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Diabetes has been associated with a wide range of cancers but uncertainty remains regarding the magnitude of such associations and the extent to which they are likely to be causal. In particular, it is not clear whether associations of diabetes with specific cancers are largely due to its known relationship with adiposity, or to the direct effects of hyperinsulinaemia, blood glucose levels and/or chronic inflammation on cancer risk. There is also limited evidence on the role of different treatments for diabetes in cancer risk. 


The project will examine the risk of specific cancers in relation to diabetes and the medications used to treat it. Analyses will be based on data from the Million Women Study, which includes 1.3 million UK women and on data from China Kadoorie Biobank, which includes 500,000 men and women in China. There is information on self-reported treatment for diabetes, hospital diagnosis of diabetes and prescriptions in both studies, as well as information on many potential confounders. In addition, China Kadoorie Biobank has information on genetic determinants of diabetes and blood-based markers such as insulin.  Participants in both studies have been followed for many years for cancer incidence, hospital admissions and deaths.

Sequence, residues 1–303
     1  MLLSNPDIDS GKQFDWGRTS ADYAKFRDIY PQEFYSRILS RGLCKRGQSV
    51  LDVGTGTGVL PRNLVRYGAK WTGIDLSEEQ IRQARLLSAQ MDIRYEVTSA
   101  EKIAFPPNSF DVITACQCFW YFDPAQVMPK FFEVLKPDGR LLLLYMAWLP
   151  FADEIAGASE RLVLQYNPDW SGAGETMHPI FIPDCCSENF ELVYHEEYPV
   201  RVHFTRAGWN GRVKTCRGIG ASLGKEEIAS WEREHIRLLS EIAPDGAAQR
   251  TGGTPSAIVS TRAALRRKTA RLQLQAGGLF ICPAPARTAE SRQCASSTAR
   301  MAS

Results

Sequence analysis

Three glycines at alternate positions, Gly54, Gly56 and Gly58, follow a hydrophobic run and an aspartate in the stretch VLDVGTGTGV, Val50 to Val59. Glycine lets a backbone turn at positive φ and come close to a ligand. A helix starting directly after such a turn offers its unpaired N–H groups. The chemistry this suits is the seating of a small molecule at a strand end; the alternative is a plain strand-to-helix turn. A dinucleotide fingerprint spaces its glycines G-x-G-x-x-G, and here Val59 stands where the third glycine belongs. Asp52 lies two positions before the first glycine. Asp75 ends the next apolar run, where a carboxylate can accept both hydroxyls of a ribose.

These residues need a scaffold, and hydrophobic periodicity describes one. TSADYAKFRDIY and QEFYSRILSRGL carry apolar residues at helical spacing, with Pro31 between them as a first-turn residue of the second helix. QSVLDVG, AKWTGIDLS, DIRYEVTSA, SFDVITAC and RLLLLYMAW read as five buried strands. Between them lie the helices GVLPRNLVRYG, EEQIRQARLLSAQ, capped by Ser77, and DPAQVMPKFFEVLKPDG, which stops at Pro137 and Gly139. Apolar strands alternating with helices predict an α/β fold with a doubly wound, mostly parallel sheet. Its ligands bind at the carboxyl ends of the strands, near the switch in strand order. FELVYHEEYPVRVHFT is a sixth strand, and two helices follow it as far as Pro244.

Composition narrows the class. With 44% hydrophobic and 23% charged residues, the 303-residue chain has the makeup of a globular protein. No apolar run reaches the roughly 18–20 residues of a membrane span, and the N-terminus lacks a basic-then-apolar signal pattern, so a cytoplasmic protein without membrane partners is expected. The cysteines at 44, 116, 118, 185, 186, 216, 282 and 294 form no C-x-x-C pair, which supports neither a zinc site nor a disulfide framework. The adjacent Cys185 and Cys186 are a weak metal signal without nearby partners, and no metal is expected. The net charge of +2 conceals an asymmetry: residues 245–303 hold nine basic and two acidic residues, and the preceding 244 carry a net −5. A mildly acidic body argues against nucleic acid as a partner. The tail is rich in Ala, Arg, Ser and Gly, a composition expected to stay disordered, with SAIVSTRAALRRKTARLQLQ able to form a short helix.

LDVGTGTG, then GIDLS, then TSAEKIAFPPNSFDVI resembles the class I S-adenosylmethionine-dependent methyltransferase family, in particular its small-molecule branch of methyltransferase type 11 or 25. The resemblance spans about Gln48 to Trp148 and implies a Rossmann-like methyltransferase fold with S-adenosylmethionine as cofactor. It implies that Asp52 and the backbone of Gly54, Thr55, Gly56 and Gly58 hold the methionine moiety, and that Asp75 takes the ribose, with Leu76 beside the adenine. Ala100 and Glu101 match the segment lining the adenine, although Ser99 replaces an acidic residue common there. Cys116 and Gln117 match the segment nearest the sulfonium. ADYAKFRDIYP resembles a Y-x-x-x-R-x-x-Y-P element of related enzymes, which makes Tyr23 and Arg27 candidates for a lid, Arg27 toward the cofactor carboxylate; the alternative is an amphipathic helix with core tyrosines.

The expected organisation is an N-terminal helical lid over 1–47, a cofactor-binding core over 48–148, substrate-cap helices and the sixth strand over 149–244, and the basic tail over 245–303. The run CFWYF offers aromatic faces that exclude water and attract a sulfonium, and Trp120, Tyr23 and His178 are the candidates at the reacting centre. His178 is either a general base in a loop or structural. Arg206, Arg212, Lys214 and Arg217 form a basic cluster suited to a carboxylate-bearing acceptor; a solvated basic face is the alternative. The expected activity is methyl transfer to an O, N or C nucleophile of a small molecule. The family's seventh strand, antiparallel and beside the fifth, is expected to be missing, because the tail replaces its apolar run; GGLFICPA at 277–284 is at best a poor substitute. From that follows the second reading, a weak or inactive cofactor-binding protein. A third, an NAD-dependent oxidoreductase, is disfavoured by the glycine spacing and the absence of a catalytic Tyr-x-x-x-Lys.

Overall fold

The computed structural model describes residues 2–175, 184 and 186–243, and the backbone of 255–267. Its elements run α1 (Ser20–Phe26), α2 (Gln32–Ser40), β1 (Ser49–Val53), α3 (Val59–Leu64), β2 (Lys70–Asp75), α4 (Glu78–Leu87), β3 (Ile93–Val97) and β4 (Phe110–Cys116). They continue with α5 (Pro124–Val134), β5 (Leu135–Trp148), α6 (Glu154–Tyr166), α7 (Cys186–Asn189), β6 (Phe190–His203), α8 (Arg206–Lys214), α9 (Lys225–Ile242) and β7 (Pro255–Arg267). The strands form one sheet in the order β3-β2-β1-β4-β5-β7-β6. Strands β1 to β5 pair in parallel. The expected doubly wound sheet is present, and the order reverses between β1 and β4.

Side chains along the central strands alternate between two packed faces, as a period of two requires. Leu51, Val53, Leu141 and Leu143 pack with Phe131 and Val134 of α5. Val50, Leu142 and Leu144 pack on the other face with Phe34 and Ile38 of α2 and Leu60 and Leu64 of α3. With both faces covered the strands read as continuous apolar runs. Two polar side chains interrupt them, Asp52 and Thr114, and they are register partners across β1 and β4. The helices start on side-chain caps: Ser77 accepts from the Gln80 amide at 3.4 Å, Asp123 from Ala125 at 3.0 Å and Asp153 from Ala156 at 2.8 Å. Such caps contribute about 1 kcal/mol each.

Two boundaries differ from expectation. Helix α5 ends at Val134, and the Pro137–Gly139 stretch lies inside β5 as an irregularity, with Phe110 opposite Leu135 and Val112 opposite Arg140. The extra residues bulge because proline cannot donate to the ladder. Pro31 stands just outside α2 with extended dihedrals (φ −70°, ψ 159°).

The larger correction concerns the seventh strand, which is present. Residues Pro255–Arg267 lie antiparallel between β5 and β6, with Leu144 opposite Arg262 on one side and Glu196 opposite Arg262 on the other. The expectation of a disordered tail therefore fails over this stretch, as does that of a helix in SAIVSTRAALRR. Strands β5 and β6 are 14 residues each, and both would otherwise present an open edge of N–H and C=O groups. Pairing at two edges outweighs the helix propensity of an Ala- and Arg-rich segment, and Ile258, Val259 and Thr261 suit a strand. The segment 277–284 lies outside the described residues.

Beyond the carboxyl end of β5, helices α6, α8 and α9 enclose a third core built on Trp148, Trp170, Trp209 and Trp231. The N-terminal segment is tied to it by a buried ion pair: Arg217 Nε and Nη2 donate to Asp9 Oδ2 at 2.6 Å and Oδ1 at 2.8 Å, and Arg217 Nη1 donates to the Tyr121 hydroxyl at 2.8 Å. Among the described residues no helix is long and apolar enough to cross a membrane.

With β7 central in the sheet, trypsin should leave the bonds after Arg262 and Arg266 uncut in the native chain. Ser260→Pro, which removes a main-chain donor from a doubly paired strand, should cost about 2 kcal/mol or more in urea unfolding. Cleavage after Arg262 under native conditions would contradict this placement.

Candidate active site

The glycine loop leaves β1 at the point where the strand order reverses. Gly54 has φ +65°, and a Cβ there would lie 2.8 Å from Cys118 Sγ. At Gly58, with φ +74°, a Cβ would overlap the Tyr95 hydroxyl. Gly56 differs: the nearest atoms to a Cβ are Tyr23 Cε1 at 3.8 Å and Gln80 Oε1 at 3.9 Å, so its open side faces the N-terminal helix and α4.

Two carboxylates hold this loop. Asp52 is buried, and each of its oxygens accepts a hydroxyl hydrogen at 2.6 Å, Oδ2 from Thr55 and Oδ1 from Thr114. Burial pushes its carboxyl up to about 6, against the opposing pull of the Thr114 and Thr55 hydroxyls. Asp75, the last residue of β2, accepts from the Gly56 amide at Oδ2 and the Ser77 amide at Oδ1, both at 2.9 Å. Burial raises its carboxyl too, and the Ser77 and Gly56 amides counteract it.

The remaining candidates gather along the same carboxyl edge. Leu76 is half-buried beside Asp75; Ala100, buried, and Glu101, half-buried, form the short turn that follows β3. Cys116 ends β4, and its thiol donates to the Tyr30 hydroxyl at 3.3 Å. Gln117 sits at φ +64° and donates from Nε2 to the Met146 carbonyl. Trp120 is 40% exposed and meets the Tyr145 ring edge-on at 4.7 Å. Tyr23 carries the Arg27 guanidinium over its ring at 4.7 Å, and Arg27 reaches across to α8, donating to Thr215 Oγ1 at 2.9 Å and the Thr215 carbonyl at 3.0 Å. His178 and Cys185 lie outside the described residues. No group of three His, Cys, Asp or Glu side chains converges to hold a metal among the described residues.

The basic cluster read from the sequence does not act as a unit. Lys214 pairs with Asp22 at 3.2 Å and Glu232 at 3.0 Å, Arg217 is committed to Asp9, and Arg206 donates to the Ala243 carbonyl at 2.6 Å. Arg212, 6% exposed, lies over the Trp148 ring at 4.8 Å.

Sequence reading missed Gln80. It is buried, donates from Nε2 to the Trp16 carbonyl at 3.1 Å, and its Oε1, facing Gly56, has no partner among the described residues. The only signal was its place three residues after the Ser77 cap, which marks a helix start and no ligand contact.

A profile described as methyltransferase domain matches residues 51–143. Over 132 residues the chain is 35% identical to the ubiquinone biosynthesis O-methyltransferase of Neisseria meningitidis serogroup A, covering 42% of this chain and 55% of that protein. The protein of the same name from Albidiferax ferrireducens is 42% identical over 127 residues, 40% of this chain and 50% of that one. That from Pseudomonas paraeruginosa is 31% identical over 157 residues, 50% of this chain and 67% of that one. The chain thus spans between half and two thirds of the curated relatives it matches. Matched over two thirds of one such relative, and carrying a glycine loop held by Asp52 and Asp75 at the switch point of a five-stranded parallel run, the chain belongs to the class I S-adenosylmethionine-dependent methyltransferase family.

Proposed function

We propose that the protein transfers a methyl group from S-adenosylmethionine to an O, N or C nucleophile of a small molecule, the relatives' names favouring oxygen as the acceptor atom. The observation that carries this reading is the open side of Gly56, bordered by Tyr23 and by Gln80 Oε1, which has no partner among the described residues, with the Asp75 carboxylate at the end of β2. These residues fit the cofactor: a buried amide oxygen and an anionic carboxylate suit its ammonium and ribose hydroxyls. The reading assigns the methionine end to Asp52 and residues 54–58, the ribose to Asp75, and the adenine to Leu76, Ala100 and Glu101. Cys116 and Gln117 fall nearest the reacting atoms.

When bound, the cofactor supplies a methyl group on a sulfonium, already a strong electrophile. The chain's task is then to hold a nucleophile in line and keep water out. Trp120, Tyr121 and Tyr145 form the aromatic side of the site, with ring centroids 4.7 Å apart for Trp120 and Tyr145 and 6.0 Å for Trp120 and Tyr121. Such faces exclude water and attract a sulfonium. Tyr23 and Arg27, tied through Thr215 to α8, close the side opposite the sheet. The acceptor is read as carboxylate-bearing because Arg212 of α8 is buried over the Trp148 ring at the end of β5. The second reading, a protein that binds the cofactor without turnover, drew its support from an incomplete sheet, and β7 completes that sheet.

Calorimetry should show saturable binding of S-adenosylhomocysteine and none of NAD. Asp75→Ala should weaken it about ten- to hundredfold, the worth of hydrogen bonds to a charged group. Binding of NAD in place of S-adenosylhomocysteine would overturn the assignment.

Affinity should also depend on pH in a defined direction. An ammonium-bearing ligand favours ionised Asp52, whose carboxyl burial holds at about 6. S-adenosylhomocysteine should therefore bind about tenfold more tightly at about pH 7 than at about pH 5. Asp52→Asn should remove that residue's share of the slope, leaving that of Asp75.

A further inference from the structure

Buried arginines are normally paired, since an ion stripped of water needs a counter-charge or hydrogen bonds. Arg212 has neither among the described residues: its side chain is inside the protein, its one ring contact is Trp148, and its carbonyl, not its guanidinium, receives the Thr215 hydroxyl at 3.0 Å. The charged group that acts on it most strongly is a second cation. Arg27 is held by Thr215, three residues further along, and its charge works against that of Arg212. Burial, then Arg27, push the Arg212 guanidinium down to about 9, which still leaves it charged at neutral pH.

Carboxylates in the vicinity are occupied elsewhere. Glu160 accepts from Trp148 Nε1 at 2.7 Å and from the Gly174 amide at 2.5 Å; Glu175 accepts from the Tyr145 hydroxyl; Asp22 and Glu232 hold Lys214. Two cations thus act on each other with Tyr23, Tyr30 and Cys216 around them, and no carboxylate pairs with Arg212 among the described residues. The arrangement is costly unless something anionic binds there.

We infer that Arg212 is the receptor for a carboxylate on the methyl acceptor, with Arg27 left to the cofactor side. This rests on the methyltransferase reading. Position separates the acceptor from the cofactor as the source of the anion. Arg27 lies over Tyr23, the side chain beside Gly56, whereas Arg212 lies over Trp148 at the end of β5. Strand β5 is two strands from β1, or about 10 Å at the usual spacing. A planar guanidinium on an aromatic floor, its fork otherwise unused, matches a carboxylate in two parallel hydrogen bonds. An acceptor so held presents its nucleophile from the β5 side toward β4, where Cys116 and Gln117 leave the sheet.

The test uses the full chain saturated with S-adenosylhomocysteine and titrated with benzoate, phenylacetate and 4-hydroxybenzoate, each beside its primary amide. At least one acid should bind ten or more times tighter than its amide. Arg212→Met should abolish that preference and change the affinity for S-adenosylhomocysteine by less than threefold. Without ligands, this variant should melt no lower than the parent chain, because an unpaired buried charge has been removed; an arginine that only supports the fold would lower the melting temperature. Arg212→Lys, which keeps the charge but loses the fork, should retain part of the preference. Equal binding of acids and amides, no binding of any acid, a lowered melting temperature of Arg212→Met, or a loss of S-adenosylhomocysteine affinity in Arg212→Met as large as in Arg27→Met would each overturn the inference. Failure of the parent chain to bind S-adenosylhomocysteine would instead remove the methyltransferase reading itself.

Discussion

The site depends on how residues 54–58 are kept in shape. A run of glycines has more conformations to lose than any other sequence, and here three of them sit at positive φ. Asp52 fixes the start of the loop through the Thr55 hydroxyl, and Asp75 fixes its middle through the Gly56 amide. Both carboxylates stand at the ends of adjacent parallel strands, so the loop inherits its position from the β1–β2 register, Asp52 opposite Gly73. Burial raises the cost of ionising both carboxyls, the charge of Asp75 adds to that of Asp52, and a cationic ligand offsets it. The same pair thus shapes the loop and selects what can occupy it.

Training will be provided within the department on data analysis and statistical methods and, if necessary, by external courses.


Candidates should have a strong background in epidemiology or statistics or a closely related subject. This project would particularly suit someone with a clinical background.



  • Gill Reeves
    Gill Reeves

    Valerie Beral Professor of Epidemiology and Director, Cancer Epidemiology Unit